There are the summer days where we bake cobbler and pie, and grill up slabs of eggplant and bushels of corn. And then there are the tropically hot summer days where the thought of turning on an oven — or even an outdoor barbecue — is enough to make you want to flop your sweaty self across the bed (or, better yet, into a pool of cold water). On those dog days, you don't want your food warm from the grill — you want it dripping with cold.
There may be no film image more iconic: Harold Lloyd, high above the street, dangling from the minute hand of a giant department-store clock.
The face of the clock swings down; the minute hand bends. It's been 90 years since the silent era's greatest daredevil shot that sequence, and it still has the power to prompt shrieks and laughter.
Lloyd's character was the All-American Boy, innocent in his horn-rimmed glasses, eager to climb the ladder of success — and like many a social striver before him, he was plagued by anxiety that he'd fall before he got to the top.
That Crunchy Taco will no longer come with a side of toy.
Taco Bell announced Tuesday that it is ditching kids' meals and the trinkets that come with them at its U.S. locations. The items will begin to come off menus starting this month, the company says, and should be completely gone by January 2014.
Daniel Breaker, a Juilliard-trained actor who's earned praise for roles as varied as Donkey in Shrek the Musical and the protagonist Youth in Passing Strange, gets to play a king in a new musical adaptation of Shakespeare's Love's Labour's Lost.
A few years ago, after songwriter Michael Friedman and writer-director Alex Timbers had finished working on their cheeky historical musical Bloody Bloody Andrew Jackson, they decided to look for a new project to work on. Friedman says they wanted the next show to have a completely different feel.
"So we started looking at Shakespeare," Friedman says. "And then, I think, we came to sort of, 'How amazing would it be to work on a romantic comedy?' "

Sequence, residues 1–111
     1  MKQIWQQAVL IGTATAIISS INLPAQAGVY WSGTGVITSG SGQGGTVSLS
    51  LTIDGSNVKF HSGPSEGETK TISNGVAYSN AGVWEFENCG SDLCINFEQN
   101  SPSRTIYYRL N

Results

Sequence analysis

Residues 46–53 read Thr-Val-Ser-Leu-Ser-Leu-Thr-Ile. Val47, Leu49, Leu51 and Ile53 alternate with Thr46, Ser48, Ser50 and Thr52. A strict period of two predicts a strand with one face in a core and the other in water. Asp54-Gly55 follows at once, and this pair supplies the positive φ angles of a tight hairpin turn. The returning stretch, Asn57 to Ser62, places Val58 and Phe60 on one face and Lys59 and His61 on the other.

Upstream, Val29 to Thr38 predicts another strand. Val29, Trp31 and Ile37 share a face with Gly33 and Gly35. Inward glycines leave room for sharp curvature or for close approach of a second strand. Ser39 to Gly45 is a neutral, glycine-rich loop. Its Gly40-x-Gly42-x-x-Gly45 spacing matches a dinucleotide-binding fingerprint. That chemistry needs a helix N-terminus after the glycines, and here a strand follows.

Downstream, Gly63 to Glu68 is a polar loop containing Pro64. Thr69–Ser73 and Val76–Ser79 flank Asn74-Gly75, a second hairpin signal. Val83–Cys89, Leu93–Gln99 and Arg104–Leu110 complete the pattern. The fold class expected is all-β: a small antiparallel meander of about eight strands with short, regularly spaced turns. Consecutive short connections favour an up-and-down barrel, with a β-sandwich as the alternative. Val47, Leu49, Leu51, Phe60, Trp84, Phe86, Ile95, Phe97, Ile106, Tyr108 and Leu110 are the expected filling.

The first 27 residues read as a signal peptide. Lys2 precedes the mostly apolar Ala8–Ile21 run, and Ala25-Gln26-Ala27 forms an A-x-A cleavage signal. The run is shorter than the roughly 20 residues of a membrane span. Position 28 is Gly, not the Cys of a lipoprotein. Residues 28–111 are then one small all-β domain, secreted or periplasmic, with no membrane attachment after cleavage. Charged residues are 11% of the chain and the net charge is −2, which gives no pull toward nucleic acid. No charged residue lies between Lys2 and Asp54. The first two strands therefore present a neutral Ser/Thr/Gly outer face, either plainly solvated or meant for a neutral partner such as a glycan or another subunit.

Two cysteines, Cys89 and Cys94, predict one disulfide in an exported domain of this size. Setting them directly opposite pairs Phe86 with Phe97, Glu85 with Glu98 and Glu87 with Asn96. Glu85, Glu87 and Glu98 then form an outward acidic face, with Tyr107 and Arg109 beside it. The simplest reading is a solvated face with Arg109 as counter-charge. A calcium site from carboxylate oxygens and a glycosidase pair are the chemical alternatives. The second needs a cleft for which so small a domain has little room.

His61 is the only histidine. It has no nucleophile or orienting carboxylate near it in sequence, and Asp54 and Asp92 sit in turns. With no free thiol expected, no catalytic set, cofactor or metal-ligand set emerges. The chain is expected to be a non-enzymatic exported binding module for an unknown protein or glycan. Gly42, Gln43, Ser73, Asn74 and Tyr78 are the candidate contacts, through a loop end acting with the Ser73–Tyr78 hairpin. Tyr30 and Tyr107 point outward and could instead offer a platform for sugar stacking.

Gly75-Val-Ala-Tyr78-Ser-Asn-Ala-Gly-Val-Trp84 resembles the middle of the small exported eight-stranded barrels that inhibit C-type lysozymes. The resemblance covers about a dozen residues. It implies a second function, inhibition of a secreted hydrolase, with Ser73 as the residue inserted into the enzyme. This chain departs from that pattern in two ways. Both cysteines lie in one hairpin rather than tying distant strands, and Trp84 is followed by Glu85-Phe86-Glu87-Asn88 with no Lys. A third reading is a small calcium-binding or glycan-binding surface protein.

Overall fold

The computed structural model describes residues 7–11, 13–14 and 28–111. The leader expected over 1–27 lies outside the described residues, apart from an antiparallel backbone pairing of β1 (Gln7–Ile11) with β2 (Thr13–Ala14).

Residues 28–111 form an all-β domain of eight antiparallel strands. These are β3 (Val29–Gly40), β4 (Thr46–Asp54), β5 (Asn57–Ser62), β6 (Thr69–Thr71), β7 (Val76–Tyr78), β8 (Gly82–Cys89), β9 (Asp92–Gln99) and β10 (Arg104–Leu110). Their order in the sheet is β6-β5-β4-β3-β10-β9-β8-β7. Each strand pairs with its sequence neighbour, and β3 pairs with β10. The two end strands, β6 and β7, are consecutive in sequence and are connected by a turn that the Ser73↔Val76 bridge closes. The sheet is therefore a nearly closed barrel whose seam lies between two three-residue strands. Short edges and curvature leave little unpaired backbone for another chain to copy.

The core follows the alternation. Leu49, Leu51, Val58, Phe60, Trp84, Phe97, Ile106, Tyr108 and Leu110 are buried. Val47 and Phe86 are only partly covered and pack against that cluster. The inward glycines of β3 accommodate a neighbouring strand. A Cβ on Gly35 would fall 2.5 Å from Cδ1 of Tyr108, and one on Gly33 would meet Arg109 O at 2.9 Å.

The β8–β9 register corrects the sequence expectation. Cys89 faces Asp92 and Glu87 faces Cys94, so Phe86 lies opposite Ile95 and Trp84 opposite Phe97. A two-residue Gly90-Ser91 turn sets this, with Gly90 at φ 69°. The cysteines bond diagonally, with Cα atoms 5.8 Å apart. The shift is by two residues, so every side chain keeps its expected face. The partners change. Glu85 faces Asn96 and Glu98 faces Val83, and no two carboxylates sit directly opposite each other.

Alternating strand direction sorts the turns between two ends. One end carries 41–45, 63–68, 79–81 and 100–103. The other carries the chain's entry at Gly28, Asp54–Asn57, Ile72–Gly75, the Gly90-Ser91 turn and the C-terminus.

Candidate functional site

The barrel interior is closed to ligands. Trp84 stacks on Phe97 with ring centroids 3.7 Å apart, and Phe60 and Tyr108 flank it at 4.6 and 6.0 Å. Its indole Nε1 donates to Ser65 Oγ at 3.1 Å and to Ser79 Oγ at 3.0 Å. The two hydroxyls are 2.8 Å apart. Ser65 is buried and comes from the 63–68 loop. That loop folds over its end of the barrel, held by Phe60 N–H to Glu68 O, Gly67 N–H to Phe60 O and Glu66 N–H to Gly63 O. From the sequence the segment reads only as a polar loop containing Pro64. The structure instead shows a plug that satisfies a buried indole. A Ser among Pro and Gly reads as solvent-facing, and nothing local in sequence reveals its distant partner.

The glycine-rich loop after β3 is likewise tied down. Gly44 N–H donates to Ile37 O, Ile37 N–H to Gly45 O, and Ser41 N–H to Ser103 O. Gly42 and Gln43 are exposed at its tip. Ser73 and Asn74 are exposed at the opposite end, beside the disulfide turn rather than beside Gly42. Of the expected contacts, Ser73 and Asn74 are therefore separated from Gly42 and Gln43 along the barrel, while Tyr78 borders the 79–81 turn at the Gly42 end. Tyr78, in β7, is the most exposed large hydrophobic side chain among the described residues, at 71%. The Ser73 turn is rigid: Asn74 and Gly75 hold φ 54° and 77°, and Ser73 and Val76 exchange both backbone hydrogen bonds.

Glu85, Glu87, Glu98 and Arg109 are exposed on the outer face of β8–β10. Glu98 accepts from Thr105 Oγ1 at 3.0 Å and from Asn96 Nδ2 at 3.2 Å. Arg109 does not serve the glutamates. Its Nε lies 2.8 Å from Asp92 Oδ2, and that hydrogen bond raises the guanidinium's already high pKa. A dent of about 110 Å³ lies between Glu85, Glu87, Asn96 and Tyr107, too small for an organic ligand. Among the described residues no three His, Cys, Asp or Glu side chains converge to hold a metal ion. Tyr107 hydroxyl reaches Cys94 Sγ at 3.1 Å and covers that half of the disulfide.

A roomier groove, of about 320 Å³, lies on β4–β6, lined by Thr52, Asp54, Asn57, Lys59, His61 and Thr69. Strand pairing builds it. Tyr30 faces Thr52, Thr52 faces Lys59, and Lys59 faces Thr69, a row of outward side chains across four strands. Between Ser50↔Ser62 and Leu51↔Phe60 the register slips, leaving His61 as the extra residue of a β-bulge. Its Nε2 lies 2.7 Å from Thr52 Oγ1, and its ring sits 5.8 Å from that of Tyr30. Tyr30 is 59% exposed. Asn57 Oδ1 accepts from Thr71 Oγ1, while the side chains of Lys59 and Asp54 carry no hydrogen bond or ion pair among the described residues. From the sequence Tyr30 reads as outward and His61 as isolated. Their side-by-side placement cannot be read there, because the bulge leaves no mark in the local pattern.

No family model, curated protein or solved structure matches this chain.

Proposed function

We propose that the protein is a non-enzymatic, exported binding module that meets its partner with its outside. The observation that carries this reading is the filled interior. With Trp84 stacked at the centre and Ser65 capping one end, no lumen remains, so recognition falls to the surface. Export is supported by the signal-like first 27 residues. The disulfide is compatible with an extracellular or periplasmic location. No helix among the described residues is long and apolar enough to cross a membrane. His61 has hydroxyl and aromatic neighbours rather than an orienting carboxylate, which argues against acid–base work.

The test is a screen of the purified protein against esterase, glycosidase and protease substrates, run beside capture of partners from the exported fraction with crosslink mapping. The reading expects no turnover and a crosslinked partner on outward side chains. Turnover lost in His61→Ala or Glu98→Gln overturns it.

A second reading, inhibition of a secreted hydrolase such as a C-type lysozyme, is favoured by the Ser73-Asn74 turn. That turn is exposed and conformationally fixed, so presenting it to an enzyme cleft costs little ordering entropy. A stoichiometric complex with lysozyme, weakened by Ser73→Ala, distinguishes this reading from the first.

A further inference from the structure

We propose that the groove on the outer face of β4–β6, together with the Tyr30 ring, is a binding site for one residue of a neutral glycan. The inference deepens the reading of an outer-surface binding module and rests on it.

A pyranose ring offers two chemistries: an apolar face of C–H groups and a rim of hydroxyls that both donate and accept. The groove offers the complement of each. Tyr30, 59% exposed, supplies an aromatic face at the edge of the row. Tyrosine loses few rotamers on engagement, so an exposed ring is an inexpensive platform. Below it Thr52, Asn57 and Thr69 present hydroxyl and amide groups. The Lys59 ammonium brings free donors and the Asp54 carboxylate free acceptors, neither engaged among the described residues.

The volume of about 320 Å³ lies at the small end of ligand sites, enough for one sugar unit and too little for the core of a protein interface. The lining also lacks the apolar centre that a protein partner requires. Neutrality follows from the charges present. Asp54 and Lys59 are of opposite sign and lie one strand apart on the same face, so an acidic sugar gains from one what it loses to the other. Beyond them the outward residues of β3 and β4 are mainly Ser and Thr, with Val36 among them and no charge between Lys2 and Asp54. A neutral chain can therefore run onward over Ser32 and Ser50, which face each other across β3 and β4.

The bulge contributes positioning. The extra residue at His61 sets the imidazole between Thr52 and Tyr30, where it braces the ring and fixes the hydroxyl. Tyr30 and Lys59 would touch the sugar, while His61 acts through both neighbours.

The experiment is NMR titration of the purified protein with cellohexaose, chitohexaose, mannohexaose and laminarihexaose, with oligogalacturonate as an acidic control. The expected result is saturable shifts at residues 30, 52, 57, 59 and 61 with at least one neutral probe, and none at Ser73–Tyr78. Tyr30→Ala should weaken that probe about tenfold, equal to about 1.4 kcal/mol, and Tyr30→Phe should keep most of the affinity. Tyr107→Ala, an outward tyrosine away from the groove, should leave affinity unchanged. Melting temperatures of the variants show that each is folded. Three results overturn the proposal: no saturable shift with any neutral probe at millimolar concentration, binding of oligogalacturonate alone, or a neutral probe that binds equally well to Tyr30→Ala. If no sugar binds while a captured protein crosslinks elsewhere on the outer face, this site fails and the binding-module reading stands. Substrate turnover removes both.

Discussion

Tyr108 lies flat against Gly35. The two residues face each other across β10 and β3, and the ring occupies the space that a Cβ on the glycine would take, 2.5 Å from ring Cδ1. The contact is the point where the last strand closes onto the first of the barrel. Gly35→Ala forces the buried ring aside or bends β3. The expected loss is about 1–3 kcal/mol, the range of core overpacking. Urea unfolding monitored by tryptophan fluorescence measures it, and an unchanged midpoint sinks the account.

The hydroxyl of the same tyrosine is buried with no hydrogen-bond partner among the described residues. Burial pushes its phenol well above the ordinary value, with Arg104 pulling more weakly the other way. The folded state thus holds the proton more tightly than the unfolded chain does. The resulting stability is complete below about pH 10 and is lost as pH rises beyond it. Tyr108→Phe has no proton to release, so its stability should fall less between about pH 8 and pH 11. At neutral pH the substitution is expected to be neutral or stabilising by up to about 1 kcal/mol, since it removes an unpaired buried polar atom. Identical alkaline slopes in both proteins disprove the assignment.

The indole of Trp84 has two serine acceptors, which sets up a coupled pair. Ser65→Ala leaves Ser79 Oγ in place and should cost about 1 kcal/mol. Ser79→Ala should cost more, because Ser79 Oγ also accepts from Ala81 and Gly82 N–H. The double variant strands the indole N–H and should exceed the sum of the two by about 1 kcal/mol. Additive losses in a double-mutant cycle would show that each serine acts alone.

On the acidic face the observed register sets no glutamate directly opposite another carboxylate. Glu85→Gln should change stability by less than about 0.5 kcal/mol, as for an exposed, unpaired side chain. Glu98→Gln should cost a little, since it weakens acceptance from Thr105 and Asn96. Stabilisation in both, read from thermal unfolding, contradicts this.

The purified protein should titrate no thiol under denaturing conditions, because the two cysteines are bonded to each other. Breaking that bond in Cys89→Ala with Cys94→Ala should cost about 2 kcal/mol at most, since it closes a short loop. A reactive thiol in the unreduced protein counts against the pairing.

If every era gets the historical fiction it deserves, we have been good indeed. From the transcendent psychological rummagings of Hilary Mantel to the gooey pleasures of Philippa Gregory, we can set aside flowery bodice-rippers (not that there's anything wrong with those) and view the dusty figures through lenses literary, pop culture-y, or near-pornographic.
At the center of David Gilbert's new novel & Sons is a famous and famously reclusive writer in the J.D. Salinger model. It's a book about the writer as author of books, and as the father of sons — sons who don't feel nearly as warmly toward him as readers do. When & Sons begins, the writer, Andrew Newbold Dyer — or A.N. Dyer as he's known to his readers — is nearing 80.
Pioneering musician Carline Ray died July 18 at age 88. In the 1940s, when it was difficult for women to be accepted as jazz musicians, Ray found a home in the all-female band The International Sweethearts of Rhythm as the guitarist and a featured vocalist. She was also a bass player who performed with Sy Oliver, Mercer Ellington and Mary Lou Williams.
Ray was born in Harlem in 1925 during the Harlem Renaissance. She graduated from Juilliard and the Manhattan School of Music. Her husband, Luis Russell, led his own band and worked as Louis Armstrong's music director.
It's no secret that the middle school experience can be not so fabulous, and that's particularly true for the teen at the center of Dork Diaries: Tales From a Not-So-Fabulous Life. The book, the first in the Dork Diaries series by Rachel Renee Russell, is the July pick for NPR's Backseat Book Club.
Originally published on Tue July 23, 2013 10:54 am
When someone uses the term "instant classic," I typically want to grab him and ask, "So this is, what, like the new Great Expectations? You sure about that?" But David Gilbert's novel & Sons, seductive and ripe with both comedy and heartbreak, made me reconsider my stance on such a label. & Sons feels deeply familiar, as though it existed for decades and I was just slow to find it. Revolving around a New York writer of J. D.
I'm Michel Martin and this is TELL ME MORE from NPR News. You know how in America we say we don't like dynasties, but then again, we actually kind of do. And we're certainly fascinated by them, and if you follow sports, in particular football, then you're probably fascinated by the Gronkowskis.
I'm Michel Martin and this is TELL ME MORE from NPR News. Coming up, you might dream of just one of your kids making it as a pro athlete. Well, Gordie Gronkowski is batting four for four with another in the wings. We'll hear from Gordie and two of his sons in just a few minutes. First, though, we want to talk about an issue that's been in the headlines in this country. The issue of gay rights was front and center at the Supreme Court term that just ended. Legal advances were celebrated by LGBT activists everywhere.
Monkey See contributor/longtime nerd Glen Weldon recently attended San Diego Comic-Con. He kept a diary during one of the largest media events in the world.